Dr Husnia Underabi1
1Western Sydney University, Kingswood , Australia
Sydney’s December 2014 Lindt Café siege resulted in the death of two hostages and the perpetrator of the terrorist attack. In February 2015, Prime Minister Tony Abbott argued Muslim leaders were not doing enough to tackle violent extremism. Muslim community representatives were outraged and puzzled with some indicating that they have done more than enough to condemn terrorism. The Prime Minister was implying what Muslims leaders said to the Australian public and media was not a reflection of what they say when they are speaking to an audience of Muslims.This paper analyses 13 mosque sermons delivered across 10 mosques in Sydney immediately after the 2014 Lindt Café siege. It shows that what was said in sermons was consistent with what was said by community leaders publicly – that the incident was condemned, considered to be un-Islamic, the perpetrator was mentally ill and his victims were innocent. Audiences were told that the consequence of killing innocent people is eternal damnation. Some sermons acknowledged that non-Muslims may be confused and have a negative view of Islam and members of the congregations were asked to reach out to non-Muslims and demonstrate through their actions that Islam is a religion of peace.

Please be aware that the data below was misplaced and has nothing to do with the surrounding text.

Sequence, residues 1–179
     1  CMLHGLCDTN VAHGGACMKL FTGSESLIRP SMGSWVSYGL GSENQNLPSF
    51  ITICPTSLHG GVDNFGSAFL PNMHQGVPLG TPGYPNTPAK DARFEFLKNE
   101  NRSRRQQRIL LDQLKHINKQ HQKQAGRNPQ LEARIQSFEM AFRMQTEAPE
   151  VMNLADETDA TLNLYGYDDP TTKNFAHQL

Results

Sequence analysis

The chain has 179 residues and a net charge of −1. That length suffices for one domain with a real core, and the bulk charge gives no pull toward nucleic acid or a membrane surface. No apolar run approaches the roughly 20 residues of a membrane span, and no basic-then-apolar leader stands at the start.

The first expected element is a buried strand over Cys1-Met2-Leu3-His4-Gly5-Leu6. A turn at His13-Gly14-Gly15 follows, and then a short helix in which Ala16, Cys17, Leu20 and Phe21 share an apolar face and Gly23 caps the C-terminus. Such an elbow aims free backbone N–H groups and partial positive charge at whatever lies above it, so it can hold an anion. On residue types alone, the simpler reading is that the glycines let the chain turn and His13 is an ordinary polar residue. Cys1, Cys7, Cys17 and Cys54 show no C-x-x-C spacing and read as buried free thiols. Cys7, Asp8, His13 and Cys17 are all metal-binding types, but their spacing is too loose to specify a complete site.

Dr Husnia Underabi has completed a Bachelor of Arts (Honours) with a Diploma in Education at Macquarie University. In 2018, she received a Doctorate from Western Sydney University. The title of her thesis was Mosque Sermons and Audience Receptivity. Husnia is a qualified high school teacher in the process of making a transition from a secondary to a tertiary educational institution.